Does Indiana Signal the Beginning of the End of the Common Core?

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photo credit: Steve Rhodes, photopin

Indiana made history, when it became the first state to officially abandon the Common Core State Standards, prompting educators and politicians to wonder if this isn’t the beginning of the end of the Common Core as we know it.

When the U.S Government originally rolled out the Common Core, five states stood out, disdaining the initiative. Certainly, Alaska, Minnesota, Nebraska, Texas and Virginia looked like rebels, when they said No to federal intrusion and nationwide standardization.

The real rebel

Indiana, which originally adopted the Common Core but recently pulled out, is education’s new rebel, in what appears to be a growing move to obliterate the CCSS. More than 200 bills were introduced this year, according to the Indy Star, on the Common Core, with more than half of those proposing to stop implementation of the standards.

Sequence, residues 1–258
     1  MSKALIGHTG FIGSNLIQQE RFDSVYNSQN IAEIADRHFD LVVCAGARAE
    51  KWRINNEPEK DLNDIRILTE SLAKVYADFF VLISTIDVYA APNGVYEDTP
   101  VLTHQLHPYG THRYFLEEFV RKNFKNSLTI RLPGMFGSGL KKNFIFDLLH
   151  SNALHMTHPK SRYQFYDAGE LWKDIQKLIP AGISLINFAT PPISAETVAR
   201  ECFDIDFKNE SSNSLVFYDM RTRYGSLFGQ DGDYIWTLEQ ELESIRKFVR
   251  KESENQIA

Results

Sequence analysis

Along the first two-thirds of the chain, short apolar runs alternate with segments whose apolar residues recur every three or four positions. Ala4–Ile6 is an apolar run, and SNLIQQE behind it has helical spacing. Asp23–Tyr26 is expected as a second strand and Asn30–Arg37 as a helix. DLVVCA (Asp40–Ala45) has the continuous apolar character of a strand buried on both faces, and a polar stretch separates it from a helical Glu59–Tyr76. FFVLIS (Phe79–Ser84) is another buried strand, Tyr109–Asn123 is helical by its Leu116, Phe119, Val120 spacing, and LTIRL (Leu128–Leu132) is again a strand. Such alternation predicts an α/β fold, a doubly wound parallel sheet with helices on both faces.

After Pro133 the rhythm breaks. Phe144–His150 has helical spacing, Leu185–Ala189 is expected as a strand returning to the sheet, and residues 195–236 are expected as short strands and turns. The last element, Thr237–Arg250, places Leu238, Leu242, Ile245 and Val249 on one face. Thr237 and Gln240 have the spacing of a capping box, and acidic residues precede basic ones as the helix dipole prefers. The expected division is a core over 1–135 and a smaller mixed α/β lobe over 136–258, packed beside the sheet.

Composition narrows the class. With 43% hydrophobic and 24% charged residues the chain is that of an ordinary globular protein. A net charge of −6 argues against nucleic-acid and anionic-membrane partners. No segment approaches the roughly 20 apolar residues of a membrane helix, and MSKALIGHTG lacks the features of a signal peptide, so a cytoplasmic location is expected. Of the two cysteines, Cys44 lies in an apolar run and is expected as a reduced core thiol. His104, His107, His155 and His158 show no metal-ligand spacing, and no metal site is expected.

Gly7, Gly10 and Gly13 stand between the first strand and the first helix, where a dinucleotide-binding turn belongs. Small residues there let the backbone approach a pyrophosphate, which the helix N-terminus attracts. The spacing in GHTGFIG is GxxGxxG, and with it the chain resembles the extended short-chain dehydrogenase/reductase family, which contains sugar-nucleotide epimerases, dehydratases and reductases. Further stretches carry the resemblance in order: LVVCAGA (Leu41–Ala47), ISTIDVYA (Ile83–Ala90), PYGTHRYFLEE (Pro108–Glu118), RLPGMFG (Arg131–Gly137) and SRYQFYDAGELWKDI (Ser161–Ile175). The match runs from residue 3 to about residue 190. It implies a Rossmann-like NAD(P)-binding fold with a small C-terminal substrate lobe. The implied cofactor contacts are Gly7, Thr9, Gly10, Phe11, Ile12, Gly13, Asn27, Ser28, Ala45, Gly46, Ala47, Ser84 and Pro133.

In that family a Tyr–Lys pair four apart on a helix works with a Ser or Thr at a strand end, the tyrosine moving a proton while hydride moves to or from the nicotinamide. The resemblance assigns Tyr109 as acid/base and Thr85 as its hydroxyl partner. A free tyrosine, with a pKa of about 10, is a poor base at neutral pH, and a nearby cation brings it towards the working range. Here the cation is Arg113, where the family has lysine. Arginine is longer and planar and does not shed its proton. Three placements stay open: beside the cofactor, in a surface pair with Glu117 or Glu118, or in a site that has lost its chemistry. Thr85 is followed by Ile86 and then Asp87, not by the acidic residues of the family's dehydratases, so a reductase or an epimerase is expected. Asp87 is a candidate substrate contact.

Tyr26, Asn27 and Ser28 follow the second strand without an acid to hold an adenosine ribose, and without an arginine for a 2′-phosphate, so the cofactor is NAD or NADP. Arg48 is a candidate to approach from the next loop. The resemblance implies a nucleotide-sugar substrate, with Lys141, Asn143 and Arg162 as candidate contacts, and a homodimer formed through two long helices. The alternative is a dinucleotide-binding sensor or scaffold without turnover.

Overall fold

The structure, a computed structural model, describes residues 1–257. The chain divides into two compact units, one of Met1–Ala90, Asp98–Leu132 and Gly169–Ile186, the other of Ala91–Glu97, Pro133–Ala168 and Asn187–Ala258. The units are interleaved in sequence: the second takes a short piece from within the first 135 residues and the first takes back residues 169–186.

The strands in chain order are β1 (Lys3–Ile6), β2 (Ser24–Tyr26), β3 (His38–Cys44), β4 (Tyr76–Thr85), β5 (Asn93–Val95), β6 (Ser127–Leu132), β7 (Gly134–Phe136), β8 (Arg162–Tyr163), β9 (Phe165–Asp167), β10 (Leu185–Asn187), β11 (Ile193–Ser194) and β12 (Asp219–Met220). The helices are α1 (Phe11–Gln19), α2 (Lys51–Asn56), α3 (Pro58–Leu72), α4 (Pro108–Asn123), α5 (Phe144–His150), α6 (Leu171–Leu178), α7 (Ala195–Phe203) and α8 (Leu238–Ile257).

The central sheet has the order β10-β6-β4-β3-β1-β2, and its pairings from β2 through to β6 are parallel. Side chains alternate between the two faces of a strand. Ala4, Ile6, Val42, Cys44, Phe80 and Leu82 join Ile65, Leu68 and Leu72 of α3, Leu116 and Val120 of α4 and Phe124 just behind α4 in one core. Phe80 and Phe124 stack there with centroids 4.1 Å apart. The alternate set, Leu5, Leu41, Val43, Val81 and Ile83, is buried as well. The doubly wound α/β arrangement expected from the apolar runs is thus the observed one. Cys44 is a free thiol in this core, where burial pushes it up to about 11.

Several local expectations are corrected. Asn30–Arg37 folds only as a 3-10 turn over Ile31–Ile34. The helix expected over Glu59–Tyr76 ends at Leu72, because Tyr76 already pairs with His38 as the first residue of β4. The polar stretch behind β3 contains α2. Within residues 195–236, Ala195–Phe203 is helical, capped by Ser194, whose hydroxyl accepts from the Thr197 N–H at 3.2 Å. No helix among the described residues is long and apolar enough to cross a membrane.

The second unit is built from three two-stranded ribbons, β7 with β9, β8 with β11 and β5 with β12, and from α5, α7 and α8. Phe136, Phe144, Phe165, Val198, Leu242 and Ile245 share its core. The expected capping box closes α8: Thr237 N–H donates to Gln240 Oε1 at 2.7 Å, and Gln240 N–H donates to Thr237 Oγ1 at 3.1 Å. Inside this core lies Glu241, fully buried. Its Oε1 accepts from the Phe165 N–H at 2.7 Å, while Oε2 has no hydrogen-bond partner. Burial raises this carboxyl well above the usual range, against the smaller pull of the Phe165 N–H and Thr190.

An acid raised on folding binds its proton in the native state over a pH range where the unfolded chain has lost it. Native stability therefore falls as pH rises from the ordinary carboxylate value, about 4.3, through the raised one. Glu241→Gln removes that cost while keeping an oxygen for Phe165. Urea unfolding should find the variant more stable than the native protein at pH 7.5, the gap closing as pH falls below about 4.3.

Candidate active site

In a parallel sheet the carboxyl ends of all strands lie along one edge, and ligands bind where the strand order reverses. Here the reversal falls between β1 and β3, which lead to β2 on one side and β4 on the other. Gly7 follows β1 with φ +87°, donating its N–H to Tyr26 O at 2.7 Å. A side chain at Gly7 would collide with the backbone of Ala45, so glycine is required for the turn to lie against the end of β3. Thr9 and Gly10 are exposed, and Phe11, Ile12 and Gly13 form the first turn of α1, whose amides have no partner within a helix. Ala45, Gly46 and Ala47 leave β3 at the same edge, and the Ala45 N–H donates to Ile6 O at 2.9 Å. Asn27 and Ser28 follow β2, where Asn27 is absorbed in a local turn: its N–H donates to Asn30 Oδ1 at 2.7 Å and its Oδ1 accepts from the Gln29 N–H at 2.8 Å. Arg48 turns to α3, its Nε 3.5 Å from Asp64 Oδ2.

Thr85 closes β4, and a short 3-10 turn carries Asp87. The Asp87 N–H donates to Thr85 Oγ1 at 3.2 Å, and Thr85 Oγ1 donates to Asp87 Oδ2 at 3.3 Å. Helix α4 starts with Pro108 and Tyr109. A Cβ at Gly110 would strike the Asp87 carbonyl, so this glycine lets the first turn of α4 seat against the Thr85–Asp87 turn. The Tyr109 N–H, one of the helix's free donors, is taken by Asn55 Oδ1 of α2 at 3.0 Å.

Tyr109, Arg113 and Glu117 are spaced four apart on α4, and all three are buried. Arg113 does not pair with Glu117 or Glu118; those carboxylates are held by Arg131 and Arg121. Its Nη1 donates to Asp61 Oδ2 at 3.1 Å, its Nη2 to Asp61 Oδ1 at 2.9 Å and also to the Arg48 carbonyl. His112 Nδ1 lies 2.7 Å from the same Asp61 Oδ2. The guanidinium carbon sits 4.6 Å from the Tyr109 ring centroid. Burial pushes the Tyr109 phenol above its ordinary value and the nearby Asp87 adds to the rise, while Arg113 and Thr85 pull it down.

With so much legislation cropping up across the country, I wonder if Indiana will look like a leader in this fight or just a rebel without a cause.

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Mark Barnes is the author of many education books, including Bestseller Hacking Education, part of his Hack Learning Series, books that solve big problems with simple ideas. Barnes presents internationally on assessment, connected education, and student-centered learning. Join more than 100,000 interested educators who follow @markbarnes19 on Twitter.

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